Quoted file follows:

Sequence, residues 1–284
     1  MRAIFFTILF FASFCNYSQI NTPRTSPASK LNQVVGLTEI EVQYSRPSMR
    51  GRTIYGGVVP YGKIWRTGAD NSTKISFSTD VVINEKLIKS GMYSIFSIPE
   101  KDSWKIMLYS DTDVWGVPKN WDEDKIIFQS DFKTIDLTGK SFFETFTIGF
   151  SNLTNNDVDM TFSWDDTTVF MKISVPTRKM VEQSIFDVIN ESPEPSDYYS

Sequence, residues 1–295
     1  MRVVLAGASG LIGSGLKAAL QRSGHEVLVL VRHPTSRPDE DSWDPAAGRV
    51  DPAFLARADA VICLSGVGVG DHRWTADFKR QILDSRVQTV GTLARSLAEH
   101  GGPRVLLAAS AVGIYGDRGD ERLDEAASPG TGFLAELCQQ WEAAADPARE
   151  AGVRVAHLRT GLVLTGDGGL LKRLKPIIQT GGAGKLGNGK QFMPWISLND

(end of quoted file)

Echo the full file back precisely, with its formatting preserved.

Sequence, residues 1–284
     1  MRAIFFTILF FASFCNYSQI NTPRTSPASK LNQVVGLTEI EVQYSRPSMR
    51  GRTIYGGVVP YGKIWRTGAD NSTKISFSTD VVINEKLIKS GMYSIFSIPE
   101  KDSWKIMLYS DTDVWGVPKN WDEDKIIFQS DFKTIDLTGK SFFETFTIGF
   151  SNLTNNDVDM TFSWDDTTVF MKISVPTRKM VEQSIFDVIN ESPEPSDYYS

Sequence, residues 1–295
     1  MRVVLAGASG LIGSGLKAAL QRSGHEVLVL VRHPTSRPDE DSWDPAAGRV
    51  DPAFLARADA VICLSGVGVG DHRWTADFKR QILDSRVQTV GTLARSLAEH
   101  GGPRVLLAAS AVGIYGDRGD ERLDEAASPG TGFLAELCQQ WEAAADPARE
   151  AGVRVAHLRT GLVLTGDGGL LKRLKPIIQT GGAGKLGNGK QFMPWISLND